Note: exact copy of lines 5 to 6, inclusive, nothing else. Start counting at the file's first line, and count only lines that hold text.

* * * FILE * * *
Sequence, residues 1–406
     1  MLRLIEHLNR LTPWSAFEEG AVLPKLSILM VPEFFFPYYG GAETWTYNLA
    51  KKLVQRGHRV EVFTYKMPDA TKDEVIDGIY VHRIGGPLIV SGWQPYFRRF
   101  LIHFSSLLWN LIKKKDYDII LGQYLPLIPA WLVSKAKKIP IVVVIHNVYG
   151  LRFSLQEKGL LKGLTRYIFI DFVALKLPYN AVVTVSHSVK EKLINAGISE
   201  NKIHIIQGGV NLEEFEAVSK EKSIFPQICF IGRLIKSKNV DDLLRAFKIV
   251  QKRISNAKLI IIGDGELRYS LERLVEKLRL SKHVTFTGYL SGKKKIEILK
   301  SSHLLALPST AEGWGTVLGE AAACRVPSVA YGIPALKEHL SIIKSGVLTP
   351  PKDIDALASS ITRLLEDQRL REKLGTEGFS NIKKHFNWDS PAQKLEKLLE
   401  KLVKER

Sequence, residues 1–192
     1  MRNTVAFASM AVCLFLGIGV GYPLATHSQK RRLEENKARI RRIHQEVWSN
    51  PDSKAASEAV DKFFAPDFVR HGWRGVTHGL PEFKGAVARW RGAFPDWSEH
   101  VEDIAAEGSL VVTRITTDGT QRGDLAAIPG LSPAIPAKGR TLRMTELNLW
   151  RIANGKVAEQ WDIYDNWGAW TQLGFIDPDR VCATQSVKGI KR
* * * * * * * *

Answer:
   151  LRFSLQEKGL LKGLTRYIFI DFVALKLPYN AVVTVSHSVK EKLINAGISE
   201  NKIHIIQGGV NLEEFEAVSK EKSIFPQICF IGRLIKSKNV DDLLRAFKIV